The use of holy water is based on the story of Jesus’ baptism by John the Baptist in the River Jordan and the Orthodox interpretation of this event. In this view, John’s baptism was a baptism of repentance, and the people came to have their sins washed away by the water. Since Jesus had no sin, but was God himself, his baptism had the effect of Jesus blessing the water, making it holy, that is used fully for its original created purpose to be an instrument of life.  Jesus’ baptism is commemorated in the Orthodox Church at the Feast of Theophany (literally “God shining forth”) on January 6.

“It came to pass in those days that Jesus came from Nazareth of Galilee, and was baptized by John in the Jordan.  And immediately, coming up from the water, He saw the heavens parting and the Spirit descending upon Him like a dove.  Then a voice came from heaven, “You are My beloved Son, in whom I am well pleased.”  Mark 1:9-11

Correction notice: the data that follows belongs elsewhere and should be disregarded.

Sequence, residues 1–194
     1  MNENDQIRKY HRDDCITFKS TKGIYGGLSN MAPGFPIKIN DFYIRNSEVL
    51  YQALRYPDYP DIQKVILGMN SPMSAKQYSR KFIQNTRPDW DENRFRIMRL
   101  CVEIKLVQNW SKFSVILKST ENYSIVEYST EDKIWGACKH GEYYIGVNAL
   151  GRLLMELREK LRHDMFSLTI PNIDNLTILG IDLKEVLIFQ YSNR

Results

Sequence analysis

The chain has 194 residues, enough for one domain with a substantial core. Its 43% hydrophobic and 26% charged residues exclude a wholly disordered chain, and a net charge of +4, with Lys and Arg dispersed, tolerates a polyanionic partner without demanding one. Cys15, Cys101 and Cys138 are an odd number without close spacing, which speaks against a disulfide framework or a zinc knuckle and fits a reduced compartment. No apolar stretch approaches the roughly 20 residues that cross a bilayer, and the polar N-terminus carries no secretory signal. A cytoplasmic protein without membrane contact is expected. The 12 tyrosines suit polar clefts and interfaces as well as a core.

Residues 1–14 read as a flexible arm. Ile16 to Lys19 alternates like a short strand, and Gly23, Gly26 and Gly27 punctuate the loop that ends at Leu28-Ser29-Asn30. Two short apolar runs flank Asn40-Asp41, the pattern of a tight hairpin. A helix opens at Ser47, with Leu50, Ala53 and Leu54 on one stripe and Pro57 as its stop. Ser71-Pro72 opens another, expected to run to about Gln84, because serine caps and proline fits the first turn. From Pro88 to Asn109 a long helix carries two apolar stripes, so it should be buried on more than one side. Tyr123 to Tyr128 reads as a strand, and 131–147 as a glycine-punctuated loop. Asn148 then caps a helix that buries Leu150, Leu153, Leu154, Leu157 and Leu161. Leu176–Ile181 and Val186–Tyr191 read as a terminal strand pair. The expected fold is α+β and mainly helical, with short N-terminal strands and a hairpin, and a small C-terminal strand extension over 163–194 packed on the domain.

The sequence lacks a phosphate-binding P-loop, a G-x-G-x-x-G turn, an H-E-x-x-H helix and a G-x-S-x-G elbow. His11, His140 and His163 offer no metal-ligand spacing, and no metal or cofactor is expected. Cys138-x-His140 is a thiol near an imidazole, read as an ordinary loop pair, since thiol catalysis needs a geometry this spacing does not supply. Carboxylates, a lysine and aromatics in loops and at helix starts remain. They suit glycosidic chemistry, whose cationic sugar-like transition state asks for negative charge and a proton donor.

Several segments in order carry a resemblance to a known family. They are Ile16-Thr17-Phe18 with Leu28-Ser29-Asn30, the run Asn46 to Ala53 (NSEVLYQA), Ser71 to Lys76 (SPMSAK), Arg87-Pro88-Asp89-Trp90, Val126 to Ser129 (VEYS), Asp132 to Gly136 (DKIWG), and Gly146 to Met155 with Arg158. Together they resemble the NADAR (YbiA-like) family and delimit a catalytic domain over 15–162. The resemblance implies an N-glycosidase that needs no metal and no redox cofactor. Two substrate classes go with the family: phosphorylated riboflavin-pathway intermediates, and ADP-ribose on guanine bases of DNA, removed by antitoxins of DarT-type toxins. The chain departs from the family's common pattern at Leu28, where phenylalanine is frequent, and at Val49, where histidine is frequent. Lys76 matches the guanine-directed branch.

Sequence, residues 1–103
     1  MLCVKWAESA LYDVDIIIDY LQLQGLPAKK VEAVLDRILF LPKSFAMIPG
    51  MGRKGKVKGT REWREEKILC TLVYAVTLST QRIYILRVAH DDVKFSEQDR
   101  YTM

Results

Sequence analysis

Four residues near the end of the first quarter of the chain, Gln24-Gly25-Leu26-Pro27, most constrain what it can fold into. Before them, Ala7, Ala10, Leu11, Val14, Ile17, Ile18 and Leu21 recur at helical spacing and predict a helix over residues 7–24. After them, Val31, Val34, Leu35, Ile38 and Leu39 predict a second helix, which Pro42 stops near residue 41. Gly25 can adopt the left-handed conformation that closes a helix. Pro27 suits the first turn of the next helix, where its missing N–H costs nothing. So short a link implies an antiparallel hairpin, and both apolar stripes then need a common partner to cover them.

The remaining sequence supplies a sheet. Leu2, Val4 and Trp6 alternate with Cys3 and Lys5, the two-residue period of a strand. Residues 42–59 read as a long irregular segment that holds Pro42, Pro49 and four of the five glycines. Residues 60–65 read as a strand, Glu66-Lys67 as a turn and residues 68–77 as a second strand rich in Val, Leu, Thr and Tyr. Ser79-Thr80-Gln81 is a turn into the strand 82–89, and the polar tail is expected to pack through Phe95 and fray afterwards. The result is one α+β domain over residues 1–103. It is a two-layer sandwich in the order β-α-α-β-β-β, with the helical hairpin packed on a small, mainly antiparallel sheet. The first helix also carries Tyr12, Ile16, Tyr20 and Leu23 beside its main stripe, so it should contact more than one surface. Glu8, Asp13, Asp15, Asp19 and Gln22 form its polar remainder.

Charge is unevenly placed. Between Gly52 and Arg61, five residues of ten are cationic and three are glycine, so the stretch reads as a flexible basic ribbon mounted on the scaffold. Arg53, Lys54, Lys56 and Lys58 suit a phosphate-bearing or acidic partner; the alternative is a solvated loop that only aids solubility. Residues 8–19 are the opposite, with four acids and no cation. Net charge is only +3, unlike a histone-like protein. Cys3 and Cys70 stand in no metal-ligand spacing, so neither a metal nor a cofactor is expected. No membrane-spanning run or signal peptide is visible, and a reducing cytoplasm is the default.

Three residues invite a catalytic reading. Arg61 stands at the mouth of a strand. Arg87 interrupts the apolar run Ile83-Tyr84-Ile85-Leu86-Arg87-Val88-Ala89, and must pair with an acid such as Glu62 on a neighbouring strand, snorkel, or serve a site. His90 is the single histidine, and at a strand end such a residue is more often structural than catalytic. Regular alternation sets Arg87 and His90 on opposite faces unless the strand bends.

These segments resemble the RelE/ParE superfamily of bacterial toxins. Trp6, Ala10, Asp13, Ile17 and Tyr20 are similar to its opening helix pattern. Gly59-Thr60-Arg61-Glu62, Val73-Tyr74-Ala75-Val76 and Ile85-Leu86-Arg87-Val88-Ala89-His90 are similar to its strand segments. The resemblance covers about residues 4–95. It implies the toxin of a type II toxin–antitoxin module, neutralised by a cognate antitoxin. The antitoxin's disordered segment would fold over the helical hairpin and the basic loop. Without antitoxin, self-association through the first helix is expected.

Thousands of Visitors to the Holy Land, follow in the footsteps of Jesus by partaking in the Sacrament of Baptism.

History of Holy Water Use

A document known as the Apostolic Constitutions, written around the year 375 AD, attributes the first use of holy water to St. Matthew the Apostle.

Holy water was originally used in baptisms but Gregory of Tour (c538-594) taught that God could work miracles such as healings through the use of holy water. This belief spread through the church. As a result churches began to make a container available near the entrance where believers could obtain some for personal use at home.